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A gripping portrait of women, whose lives were dictated by a moral code, Maria’s Grotto is a painful true film about the issue of honor killings in Palestine. Khoury explores the issue through the stories of four women: one is wrongly accused of dishonoring her family and then murdered; the second dies after being forced by her brothers to swallow poison; the third survives repeated stabbings inflicted by her brother; and the fourth is a Hip-hop singer who dares speak out about honor killings, and faces death threats. Through these stories, Khoury exposes the magnitude of honor killings in Palestine.

Source: Center for South Asian and Middle Eastern Studies – University of Illinois

* Cross-Culture Head Coverings
* Cross-Culture Veiling Lesson Plan
* Annotated Resources on Veiling
* Middle Eastern Dress Vocabulary
* Dress Vocabulary CrossWord
* Middle Eastern Dress Quiz
* Middle Eastern Dress Word Search

The Encyclopedia of Women and Islamic Cultures (EWIC) is an interdisciplinary encyclopedia project focusing on women and Islamic cultures, published by Brill (2003-2008) as a 6-volume, 2 million words, 1,246 articles scholarly resource (print edition). We invite interested scholars, including graduate students, to complete the scholars’ template for publication on our free, on-line searchable EWIC Scholars’ Database and for possible invitation to contribute articles to EWIC On Line. Please visit our website at: and follow the link to the contributor template. Thank you for your interest and participation in this free on line resource.

Given current U.S. military interventions in the Arab and Muslim worlds, there are important lessons to be gained by delving into questions of women and gender in the French Empire in North Africa. First and foremost, pervasive, monolithic, and very negative portrayals of Arab or Muslim women as inherently oppressed, powerless, voiceless—as lacking any agency—are immediately challenged by the region’s recent history. In addition, the wide variations in women’s responses to imperialism—from militant action, to peaceful resistance, to obtaining a modern, French education in order to oppose the colonial order—demonstrates clearly that North African women were not passive bystanders. Moreover, students begin to perceive at the same time that invoking a monolithic, unchanging “Islam” for explaining women’s lives and social status fails to explain much, if anything. It also becomes clear how much politics, violence, and militarism in various guises dramatically influence women and gender relations not only in colonial states but also in post-colonial states. All of these lessons and insights drawn from the North African case study have wide, nearly universal applicability to other empires, whether modern European empires, or the American Empire. Finally, by choosing to narrate individual women’s life stories, and employing this strategy as the principal frame for the module, I hope to show the immense power of biography to take us into the past where we question received wisdom or unexamined assumptions—invariably about ourselves and the social universe we inhabit.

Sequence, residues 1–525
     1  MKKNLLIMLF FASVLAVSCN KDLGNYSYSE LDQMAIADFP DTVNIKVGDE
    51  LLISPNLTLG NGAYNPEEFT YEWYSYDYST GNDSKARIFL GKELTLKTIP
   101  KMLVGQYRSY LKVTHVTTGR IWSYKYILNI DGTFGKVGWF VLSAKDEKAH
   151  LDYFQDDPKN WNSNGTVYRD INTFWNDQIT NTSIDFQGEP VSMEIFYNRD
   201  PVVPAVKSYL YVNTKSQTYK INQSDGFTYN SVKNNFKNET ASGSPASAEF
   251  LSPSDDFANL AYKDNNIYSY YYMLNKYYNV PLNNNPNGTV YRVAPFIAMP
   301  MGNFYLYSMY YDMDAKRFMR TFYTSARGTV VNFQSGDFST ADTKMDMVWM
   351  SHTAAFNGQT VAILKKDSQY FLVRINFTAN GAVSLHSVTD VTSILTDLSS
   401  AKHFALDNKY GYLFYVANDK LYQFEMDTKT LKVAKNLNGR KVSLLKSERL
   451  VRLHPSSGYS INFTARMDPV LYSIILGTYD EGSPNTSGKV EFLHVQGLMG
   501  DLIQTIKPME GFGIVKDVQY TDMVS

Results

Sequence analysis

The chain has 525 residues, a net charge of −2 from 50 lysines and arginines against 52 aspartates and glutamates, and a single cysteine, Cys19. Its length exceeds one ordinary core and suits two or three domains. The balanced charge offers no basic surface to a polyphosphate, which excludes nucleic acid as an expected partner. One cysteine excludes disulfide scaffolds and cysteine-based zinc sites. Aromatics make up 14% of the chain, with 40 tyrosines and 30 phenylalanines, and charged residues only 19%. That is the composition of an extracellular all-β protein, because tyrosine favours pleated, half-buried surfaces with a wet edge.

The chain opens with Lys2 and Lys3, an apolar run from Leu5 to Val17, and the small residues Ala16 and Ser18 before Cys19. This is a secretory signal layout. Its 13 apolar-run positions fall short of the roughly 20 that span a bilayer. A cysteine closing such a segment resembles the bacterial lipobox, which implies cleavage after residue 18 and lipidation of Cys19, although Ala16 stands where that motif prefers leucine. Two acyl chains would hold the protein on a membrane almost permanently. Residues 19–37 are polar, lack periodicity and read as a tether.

Lesson Plan


Some Muslim women in the United States often see a conflict between the beliefs and practices of their religion and the norms and standards of modern society. There are some Muslims (both women and men) in America who are pushing for change, and there are others who believe that established practices and beliefs should be upheld. Through the materials presented in this lesson, students will explore basic beliefs and practices of Islam, examine Muslim women’s roles in Islam and modern American society, and compare women’s rights in Islam with the history of women’s rights in the United States.


* Demonstrate an understanding of the basic beliefs and practices of Islam;
* Recognize that the experience of Muslim women in any country is shaped by that country’s culture;
* Compare and contrast the rights and protections Islam has provided for women with the history of women’s rights in the United States.

Grade Level:

Lesson Plan

The editors at, a partner site to, have embarked on an ambitious project: providing a space for compelling comment on gender in Islam, and building a platform for intra- and inter-community dialogue on a wide variety of gender-related issues.

Vol. 4, March, 2009
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Vol. 3, February, 2009
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Vol. 2, January, 2009
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Vol. 1, December, 2008
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I discovered this site over on Happy Muslim Mama’s blog:

Islam’s Women – Jewels of Islam


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